Burt Reynolds, who's earned his good ol' boy film cred with the Smokey and the Bandit and Cannonball Run series, gets emeritus status here as a dandy Boss Hogg, and he still does that thing with his upper lip. Willie Nelson, looking like he could be knocked down with a blade of Kentucky bluegrass, still manages to deck Hogg. Twice. Spouting dirty one-liners as he throws Molotov cocktails made from moonshine jars out a car window, the old codger looks like he's having a whale of a time. Plus, he gets to sing the theme song with no assist from Jessica. (Halleluja!) The rest of the cast does a creditable job floundering around in a pigpen of a plot. And, just in case you're watching the film in a persistent vegetative state, there's a narrator to keep you up on important plot points.

Dukes offers a few scattered gags and some creative mayhem amidst the overall dross, but it doesn't look as if director Jay Chandrasekhar (of Club Dread and the comedy troupe Broken Lizard) had to do much except turn The General Lee and the Dukes loose. All in all, the film's a waste of 50 million clams and 32, yes 32, antique Dodge Chargers. Big fun for the cast and crew, no fun for you. The disc is a 2.35:1 anamorphic widescreen transfer. Colors are rich, skin tones accurate, and the blacks are deep. The detail is excellent. The sound is Dolby Digital 5.1, the dialogue is clear and the music well-reproduced.

Bonus features:

"Daisy Dukes: The Short Shorts": The story of how the Daisy character, based on Barbie's body type, was created and what it took for Jessica Simpson to fill out those shorts. She tells us flat-out that, before filming was set to begin, she had no butt to speak of, and she worked out endlessly to round things out. For the twelve to fourteen year-old demographic, there’s a tutorial on how to make shorts. Not a terribly interesting feature for the rest of us, I fear. One does get a sense of Jessica Simpson’s need to be seen on an equal footing with her male costars, particularly since her poor acting reportedly resulted in a number of scenes where she had to do more than wiggle and jiggle being cut.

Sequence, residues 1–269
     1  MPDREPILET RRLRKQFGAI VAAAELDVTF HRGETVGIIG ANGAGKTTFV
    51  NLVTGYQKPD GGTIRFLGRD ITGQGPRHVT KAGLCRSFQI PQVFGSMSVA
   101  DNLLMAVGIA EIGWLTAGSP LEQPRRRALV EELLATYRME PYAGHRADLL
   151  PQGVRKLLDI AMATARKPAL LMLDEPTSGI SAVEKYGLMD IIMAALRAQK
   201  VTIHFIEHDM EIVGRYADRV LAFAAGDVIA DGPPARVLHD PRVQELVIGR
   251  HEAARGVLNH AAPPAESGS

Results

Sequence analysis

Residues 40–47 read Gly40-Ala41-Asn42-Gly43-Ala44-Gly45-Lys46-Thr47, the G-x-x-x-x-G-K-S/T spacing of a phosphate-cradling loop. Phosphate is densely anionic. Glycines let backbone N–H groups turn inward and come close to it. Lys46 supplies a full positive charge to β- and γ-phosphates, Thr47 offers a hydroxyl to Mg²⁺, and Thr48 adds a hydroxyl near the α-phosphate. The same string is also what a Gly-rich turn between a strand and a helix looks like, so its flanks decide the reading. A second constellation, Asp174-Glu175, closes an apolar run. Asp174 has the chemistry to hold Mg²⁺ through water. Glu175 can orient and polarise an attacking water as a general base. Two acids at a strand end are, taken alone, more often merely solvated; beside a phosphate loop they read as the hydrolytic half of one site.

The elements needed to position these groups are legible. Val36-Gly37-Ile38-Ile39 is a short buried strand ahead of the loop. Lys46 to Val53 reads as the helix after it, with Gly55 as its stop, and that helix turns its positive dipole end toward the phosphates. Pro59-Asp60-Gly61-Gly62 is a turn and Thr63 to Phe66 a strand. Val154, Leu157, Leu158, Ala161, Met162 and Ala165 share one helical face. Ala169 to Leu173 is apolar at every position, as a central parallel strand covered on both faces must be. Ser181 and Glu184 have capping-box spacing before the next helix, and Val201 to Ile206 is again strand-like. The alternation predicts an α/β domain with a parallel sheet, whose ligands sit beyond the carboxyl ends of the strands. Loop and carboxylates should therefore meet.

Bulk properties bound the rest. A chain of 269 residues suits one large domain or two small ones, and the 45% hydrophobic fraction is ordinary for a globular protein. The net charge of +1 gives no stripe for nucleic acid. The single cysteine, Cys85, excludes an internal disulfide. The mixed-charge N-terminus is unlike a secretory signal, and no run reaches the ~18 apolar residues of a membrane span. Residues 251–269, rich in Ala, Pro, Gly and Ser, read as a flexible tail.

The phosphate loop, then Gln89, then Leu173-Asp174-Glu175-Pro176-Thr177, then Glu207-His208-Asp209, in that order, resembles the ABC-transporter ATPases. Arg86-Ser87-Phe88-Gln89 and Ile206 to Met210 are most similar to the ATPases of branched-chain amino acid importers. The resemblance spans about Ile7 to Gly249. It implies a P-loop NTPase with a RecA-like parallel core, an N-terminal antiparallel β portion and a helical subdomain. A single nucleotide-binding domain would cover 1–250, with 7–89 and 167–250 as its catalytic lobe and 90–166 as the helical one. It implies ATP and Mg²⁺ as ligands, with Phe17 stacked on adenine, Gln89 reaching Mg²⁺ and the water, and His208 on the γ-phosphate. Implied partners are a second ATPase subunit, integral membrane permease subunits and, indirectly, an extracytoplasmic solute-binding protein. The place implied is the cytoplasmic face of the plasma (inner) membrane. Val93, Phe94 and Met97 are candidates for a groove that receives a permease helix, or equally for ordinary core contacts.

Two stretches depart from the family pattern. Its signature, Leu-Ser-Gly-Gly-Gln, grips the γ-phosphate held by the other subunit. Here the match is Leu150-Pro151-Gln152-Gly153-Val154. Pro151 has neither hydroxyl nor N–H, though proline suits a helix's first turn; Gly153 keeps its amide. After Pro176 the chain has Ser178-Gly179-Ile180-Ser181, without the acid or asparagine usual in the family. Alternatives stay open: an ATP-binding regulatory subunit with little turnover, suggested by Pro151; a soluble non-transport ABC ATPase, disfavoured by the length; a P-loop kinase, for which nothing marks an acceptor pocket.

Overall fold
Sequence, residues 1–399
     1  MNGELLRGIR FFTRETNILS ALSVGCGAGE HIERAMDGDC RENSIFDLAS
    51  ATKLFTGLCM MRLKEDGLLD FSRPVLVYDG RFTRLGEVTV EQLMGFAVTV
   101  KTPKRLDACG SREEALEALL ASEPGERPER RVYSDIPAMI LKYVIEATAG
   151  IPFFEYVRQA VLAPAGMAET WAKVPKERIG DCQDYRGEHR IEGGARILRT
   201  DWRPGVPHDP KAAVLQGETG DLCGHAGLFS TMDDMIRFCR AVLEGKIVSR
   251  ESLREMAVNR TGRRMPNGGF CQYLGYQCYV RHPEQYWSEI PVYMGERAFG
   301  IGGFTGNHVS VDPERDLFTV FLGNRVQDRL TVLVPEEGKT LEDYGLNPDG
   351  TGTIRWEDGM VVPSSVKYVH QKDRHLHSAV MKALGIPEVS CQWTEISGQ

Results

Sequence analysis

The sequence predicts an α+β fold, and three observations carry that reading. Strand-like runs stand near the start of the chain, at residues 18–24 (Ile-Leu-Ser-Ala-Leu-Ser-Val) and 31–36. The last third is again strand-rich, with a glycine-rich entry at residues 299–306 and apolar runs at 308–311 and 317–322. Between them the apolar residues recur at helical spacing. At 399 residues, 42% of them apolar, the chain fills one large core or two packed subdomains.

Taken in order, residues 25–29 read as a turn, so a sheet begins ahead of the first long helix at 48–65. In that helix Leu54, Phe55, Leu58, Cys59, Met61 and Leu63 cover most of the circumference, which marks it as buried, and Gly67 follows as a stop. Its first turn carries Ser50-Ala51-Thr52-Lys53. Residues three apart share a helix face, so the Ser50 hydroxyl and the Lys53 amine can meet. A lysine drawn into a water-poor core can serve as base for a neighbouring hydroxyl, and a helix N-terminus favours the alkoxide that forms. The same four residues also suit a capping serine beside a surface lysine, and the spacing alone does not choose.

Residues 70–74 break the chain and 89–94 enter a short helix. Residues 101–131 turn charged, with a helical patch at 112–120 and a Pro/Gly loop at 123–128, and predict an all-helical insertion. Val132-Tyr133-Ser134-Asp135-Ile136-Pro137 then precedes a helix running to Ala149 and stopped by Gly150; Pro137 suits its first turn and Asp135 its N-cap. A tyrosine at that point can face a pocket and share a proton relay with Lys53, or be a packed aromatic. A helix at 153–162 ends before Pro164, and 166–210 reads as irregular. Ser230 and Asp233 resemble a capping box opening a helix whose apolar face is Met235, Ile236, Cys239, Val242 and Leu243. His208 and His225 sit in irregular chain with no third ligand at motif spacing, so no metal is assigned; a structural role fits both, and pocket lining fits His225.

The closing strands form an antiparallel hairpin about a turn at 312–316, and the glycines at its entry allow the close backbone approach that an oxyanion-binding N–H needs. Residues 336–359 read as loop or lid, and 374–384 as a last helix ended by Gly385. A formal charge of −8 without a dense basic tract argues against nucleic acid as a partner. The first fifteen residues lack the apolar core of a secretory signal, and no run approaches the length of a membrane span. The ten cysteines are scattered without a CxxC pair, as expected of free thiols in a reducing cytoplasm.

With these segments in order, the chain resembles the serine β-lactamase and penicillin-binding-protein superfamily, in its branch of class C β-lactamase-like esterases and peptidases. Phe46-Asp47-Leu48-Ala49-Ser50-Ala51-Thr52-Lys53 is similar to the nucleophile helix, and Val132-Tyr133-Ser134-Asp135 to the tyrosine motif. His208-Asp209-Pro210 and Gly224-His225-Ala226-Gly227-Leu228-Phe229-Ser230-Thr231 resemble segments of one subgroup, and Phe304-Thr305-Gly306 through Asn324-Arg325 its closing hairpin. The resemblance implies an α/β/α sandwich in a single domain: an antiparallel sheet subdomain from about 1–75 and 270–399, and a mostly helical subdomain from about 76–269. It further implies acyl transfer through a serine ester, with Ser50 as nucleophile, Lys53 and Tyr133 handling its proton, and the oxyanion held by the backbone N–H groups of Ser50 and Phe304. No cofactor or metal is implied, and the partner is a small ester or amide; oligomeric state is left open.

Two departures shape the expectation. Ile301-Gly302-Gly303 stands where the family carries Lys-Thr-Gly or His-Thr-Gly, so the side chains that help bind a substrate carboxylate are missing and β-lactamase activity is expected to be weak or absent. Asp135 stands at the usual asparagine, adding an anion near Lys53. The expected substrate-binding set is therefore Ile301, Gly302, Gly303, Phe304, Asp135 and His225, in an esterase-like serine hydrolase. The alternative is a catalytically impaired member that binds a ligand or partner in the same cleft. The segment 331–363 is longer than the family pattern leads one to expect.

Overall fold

"The General Lee Lives": How 32 Dodge Chargers of approximately the right vintage were fixed up to be crash fodder for the film. An amazing amount of effort was put forth, considering their fate, to make the cars authentic, including buying earlier and later models and modifying them.

"How to Launch a Muscle Car 175 Feet in 4 seconds: this may be of interest to car buffs and the technically inclined. Don't try it at home.

"The Hazards of Duke": Stunt drivers, barroom punch-ups, Willie Nelson "decking" Burt Reynolds with a shot that looks like it just might flatten a gnat. You can always tell who’s got the most juice by who gets to knock whom out in a movie. Poor Burt’s career has definitely slid. Kinda sad, since his Smoky and the Bandit films inspired the “Dukes of Hazzard” TV show in the first place.

"These Boots Are Made for Walking" Music Video: for those who didn't get enough of Jessica Simpson's plastic, pathetic, pseudo-sexy performance in the film. She looks and acts like an expensive, anatomically accurate love doll.

Additional scenes consisted largely of unrated boobaramas. As for the bloopers, it’s hard to find these funny since the film is one big blooper.

Overall, not a particularly interesting set of bonus features. Director Chandrasekhar, evidently jealous of the people in front of the camera, makes a point of saying he can kick Johnny Knoxville and Seann William Scott's butts. After seeing this film, you might feel the same way. So renter beware, buyer forget it!